Anyway eventually I accepted myself as trans but was still conflicted. The duality. How could I call myself trans when I had typical male interests? Meanwhile I was ignoring my female ‘side’ and the fact that I think and behave in a typical female way. Something friends noticed about me and commented on even though I felt I was hiding it brilliantly.

      So it seems there was a male side and a female side and they seemed to conflict.

      So how to deal with it?

      I eventually realised something. There are no sides.

      I’m a woman.

      That’s it. Sure I was born a boy and had testosterone change my body. Certainly I tried to fit in as a man. I have interests that are more typically male. But that’s just stereotyping. I know plenty of women who have similar interests, particularly these days.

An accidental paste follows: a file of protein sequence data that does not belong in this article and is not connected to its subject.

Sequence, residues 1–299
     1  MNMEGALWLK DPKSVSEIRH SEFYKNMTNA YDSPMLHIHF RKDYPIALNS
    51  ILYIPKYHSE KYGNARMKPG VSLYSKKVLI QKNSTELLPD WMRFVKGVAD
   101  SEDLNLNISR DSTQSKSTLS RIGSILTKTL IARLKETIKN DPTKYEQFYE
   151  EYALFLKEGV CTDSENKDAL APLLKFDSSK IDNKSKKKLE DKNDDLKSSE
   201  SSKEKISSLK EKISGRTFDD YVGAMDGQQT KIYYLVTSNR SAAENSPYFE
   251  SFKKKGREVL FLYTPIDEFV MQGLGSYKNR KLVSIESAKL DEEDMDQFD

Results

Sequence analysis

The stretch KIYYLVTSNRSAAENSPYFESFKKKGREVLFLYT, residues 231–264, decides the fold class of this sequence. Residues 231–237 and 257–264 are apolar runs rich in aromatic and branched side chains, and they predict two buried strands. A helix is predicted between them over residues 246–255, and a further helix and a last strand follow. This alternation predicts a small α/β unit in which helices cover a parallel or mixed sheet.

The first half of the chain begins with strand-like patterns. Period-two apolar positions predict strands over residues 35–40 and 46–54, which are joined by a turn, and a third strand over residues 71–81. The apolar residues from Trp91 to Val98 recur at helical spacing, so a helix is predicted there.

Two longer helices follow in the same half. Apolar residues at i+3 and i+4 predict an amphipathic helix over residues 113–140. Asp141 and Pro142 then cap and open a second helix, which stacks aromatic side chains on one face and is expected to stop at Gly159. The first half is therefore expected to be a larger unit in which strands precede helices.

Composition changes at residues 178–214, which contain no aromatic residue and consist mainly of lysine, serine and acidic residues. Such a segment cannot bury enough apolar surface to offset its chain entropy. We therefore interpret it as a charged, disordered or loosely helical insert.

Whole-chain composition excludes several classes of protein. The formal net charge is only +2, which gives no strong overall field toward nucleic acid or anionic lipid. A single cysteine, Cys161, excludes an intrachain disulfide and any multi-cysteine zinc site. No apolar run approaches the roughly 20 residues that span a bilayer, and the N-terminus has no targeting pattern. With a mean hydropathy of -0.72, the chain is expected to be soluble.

I’m just a trans woman. Not gender fluid and no non binary. No ‘they’. I’m a she.

      I didn’t choose to be female. I’m simply a woman. Once I realised this truth. It was like a weight was lifted.

      No disrespect to those of us who see themselves as gender fluid or non binary or have male and female sides. We must all find our own way. I was there not so long ago.

      But there’s no sides for me. I am but one person and she’s a woman.

      I don’t have a male persona.

      That’s how I deal with it.

      • #138717